Jeff Grant UTMB Finish

Finish Line, Ultra Trail du Mont Blanc

One Person’s Moonshot is another’s Monthly Challenge, and that’s OK

What is and isn’t a Moonshot is a personal matter. It depends on where you’ve been, where you are and what you’re working with in life. If you are recovering from a major illness or surgery, your Moonshot may be to walk again so that you can complete a 5K or walk up a local mountain. And that challenge has my full respect!

If you are healthy with a background in running, your Moonshot could be to complete a 100-mile ultra marathon in the mountains or desert. Or perhaps you are a cyclist considering a self-supported transcontinental race or swimmer considering a very long open water swim.

There is no shortage of options for events to consider for a potential Moonshot. This includes ultra marathons, adventure races, cross country ski races, expeditions, open water swims, triathlons, and more.

In my article How to think like a coach: race season planning, I share my event classification system, which I find much more inspiring than the old school A, B, C categorization. I classify events for athletes I coach as Moonshot, Everest, Apprentice, and Walk in the Park.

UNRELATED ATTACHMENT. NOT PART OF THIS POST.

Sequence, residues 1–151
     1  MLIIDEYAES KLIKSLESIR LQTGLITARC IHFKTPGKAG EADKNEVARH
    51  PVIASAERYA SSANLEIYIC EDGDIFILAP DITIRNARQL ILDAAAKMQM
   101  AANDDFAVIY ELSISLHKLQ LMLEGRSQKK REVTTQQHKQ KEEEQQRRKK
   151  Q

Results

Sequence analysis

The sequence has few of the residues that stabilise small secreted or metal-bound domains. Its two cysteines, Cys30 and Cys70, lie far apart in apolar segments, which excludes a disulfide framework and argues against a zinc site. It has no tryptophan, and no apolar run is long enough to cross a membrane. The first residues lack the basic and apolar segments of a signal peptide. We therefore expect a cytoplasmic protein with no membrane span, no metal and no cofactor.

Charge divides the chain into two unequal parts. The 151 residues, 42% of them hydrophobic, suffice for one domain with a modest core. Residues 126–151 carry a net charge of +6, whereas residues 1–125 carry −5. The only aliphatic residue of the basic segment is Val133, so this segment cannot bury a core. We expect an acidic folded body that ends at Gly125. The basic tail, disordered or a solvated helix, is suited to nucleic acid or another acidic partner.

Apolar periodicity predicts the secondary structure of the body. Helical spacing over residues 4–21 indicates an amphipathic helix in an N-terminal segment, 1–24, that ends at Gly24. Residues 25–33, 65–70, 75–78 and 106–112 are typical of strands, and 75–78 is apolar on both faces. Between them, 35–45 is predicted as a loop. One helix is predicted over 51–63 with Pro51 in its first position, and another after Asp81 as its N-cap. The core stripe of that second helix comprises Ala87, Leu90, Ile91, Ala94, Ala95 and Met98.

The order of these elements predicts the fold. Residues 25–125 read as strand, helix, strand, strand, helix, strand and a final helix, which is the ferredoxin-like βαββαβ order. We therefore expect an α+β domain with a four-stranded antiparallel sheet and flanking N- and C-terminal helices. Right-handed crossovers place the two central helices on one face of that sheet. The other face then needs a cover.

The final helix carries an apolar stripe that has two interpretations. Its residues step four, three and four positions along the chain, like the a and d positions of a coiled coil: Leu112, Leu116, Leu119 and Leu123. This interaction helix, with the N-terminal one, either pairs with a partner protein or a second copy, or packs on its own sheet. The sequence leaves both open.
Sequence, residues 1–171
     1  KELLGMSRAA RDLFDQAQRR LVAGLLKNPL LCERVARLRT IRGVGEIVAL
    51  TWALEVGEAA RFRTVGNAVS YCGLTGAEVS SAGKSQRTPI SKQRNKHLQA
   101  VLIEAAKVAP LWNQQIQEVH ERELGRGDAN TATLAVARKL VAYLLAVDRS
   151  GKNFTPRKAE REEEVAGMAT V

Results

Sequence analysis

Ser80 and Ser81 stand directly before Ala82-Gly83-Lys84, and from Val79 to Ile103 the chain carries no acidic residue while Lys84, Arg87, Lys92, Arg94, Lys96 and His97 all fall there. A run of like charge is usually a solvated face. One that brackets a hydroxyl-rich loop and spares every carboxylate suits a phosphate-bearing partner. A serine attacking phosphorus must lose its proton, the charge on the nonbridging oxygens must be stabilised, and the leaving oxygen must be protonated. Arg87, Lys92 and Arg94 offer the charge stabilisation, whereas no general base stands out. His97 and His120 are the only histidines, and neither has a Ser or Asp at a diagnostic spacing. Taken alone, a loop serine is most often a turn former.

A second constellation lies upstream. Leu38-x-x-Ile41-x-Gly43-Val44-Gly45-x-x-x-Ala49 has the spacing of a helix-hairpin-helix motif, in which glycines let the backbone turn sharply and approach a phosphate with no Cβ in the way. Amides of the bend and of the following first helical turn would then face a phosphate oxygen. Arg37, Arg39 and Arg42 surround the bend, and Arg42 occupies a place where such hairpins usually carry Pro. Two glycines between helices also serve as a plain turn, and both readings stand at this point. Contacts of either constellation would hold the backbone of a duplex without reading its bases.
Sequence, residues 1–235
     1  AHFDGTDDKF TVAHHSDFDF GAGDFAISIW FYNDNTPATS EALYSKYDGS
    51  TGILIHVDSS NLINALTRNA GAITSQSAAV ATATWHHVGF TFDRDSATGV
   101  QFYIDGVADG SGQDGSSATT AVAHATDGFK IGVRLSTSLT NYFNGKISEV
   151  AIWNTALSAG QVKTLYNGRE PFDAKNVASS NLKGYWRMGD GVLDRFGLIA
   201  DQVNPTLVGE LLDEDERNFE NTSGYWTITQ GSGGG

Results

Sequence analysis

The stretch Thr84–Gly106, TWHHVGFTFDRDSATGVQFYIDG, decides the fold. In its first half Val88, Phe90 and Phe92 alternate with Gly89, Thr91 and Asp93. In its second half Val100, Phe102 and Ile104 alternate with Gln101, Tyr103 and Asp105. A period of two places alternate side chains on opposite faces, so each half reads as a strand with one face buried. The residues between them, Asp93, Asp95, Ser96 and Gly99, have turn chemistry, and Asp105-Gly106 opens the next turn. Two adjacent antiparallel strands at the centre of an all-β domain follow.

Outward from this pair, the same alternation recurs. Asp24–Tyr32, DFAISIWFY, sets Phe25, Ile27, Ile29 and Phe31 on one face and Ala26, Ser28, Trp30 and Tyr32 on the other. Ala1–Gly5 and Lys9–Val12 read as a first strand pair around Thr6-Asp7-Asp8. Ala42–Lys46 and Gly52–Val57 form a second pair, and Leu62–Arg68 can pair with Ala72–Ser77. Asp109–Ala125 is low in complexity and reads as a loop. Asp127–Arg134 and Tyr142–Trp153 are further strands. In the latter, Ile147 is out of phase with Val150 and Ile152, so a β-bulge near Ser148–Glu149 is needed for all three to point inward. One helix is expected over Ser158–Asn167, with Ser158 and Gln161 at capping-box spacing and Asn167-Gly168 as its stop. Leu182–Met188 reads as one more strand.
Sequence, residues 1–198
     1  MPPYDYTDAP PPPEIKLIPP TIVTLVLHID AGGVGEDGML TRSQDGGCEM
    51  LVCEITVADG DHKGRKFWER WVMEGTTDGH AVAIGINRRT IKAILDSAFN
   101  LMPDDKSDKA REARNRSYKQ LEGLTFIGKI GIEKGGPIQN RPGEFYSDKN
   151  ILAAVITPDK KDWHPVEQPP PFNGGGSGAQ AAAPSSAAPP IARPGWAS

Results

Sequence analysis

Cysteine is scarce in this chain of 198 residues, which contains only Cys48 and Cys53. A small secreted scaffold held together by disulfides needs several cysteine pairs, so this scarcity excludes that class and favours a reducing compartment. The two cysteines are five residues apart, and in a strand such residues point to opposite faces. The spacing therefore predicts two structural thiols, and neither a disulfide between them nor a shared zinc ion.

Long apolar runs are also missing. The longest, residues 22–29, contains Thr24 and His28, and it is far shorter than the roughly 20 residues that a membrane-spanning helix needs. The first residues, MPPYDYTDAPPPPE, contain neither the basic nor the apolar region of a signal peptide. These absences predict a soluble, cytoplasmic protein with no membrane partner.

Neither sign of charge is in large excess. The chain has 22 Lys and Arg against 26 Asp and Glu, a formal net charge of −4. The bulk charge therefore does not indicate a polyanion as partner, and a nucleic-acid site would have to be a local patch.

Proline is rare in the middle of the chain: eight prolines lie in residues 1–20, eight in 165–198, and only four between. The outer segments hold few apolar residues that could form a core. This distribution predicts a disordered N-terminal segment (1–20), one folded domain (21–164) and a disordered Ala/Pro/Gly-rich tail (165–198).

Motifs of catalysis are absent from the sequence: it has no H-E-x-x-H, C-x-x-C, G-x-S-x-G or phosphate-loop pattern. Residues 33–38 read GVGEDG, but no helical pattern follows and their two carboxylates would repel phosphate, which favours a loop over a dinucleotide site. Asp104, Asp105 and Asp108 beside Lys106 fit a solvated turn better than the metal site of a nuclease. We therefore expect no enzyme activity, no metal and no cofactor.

Here’s what each event type looks like:

Jeff Grant Cycling

Cycling in the Inferno Triathlon, Switzerland

To the moon and back

It could be that once you reach the moon, you will decide to travel to the moon again, now that you know how to get there. Good on your for reaching this point in life, and still wanting to take on hard challenges! This would result in you classifying future similar events as Everest events, or perhaps even Walks in the Park.

At the same time, achieving a Moonshot also raises the bar on what you know is possible to accomplish with your mind and body, thus opening the door to a future Moonshot with an even greater challenge.

Just remember, this is YOUR moonshot, not someone else’s. You define it. You commit to it for your own reasons, and you own it. Someone has always done something harder, and millions couldn’t even fathom doing what you are considering. Your Moonshot is your Moonshot.

Why choose a Moonshot Event?

Jeff Grant Ironman Finish

Finish Line, Ironman Hawaii

You never forget your first, right? My first Moonshot came in 1996. Late in the prior year, I committed to myself to complete an Ironman triathlon in the following year. This was my first epic challenge. At that time, I had no background in any of the disciplines of triathlon, nor long distance events or sports in general. I also had zero fitness and was 65lbs / 30kg overweight. Finishing an Ironman was an audacious challenge for me, one that both scared me and inspired me.

That race became a beacon of my hope during 1996. While I still worked a full-time corporate job, I poured all of my free time into learning, training and overcoming a string of over-use injuries. I refused to let anything get in the way of my training. And during the race, I strong-armed my exhausted, inflamed, and nearly broken body into crossing that finish line. Conquering that Moonshot yielded a win far beyond a race medal. It secured a lifestyle transformation that persists to this day, 22+ years later.